Stinging insects are as much a part of summer as pool parties and picnics. But don't let these uninvited guests spoil your family's fun.
"The American College of Allergy, Asthma, and Immunology reports that stings from insects send more than half a million people to hospitals and cause at least 50 deaths each year. Common stingers include honey bees, wasps, hornets, yellow jackets and fire ants," says Dr. Bill Dolen, an allergist/immunologist at Children's Hospital of Georgia.
Dr. Dolen recommends following these eight steps to avoid insect stings:
- Be cautious when eating outdoors and consider keeping food covered.
- If you can, avoid drinking beverages outside. Stinging insects are attracted to beverages and may crawl inside drink cans or other containers.
- Cover garbage cans with tight lids.
- Avoid wearing sweet-smelling perfumes, hair sprays, colognes, and deodorants.
- Avoid wearing bright-colored clothing outdoors, such as floral patterns.
- Don't walk barefoot in the grass.
- Watch for signs of stinging insects when gardening, mowing the yard, or doing outside house maintenance. Hornets, for example, can build huge, nests in shrubs.
- Be cautious around fire ant mounds, and don't disturb them.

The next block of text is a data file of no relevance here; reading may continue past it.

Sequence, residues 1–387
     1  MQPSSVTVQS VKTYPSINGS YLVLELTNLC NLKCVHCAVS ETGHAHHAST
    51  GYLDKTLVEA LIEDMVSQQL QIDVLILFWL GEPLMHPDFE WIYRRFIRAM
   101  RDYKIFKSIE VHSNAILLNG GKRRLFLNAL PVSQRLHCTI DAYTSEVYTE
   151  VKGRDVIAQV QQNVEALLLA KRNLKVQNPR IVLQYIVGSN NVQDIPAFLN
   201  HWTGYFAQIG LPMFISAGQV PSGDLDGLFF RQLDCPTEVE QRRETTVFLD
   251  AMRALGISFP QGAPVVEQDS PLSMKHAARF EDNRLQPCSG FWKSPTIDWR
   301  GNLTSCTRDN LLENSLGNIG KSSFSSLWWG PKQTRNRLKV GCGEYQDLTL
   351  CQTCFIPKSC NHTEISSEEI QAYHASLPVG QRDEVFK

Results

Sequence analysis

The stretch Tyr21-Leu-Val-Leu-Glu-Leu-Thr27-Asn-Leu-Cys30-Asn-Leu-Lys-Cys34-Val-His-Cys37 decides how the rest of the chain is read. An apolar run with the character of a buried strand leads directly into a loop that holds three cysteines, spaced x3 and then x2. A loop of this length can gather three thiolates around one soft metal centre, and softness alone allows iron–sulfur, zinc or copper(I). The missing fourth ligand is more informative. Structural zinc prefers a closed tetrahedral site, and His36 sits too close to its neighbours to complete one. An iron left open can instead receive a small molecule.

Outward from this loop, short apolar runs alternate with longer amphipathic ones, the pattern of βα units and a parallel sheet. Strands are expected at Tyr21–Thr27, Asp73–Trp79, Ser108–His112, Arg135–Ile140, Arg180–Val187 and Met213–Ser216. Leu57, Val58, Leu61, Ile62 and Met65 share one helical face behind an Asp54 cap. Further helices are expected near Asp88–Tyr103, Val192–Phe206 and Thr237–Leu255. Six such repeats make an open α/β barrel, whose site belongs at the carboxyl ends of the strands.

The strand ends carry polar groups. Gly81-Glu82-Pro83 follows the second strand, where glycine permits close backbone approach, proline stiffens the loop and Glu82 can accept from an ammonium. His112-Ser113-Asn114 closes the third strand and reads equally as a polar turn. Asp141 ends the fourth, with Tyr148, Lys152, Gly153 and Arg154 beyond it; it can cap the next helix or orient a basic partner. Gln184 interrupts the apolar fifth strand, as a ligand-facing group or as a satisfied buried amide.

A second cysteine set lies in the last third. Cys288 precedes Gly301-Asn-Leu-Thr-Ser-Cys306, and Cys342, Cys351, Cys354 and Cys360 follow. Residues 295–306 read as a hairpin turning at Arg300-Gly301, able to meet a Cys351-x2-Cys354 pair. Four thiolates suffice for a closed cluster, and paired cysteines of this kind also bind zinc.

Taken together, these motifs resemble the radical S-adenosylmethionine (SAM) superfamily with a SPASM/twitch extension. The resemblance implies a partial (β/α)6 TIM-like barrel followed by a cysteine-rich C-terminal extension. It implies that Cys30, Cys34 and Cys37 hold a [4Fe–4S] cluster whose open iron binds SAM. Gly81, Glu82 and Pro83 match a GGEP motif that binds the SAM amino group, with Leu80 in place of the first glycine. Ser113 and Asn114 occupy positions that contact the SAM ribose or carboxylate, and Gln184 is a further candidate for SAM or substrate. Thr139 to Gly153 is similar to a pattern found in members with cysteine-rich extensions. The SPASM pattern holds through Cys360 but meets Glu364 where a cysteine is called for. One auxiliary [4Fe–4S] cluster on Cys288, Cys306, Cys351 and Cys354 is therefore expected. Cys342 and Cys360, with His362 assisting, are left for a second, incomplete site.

Even with precaution, stings may still happen, so it's also important to be aware of the signs of an allergic reaction, since reactions can be deadly.
"A normal reaction to an insect sting will include pain, swelling and redness at the sting site, but an allergic reaction requires immediate medical attention," says Dolen.
- Hives, itching, and swelling in areas other than the sting site.
- Tightness in the chest and difficulty breathing.
- Swelling of the tongue, throat, nose, and lips.
- Dizziness and fainting, or loss of consciousness, which can lead to shock and heart failure.
If you or your children have ever had an allergic reaction to an insect sting, you are at high risk for a more severe reaction if stung again. An allergist can help you determine what kind of insect you are allergic to and recommend ways to stay safe if you are stung again.
"An epinephrine injection is the most immediate way to treat a severe allergic reaction," says Dolen. An allergist can prescribe an epinephrine auto-injector and teach you and your family members how to use it.
Or, you may be a candidate for venom immunotherapy. These are allergy shots that treat insect sting allergies and may prevent future allergic reactions.
"These shots are 97 percent effective in preventing potentially life-threatening reactions to insect stings," says Dolen.
If your child is allergic to insect stings, be sure to alert teachers, coaches and camp counselors and teach them how to use epinephrine. Also talk to your child about how to avoid situations where stinging insects may be encountered.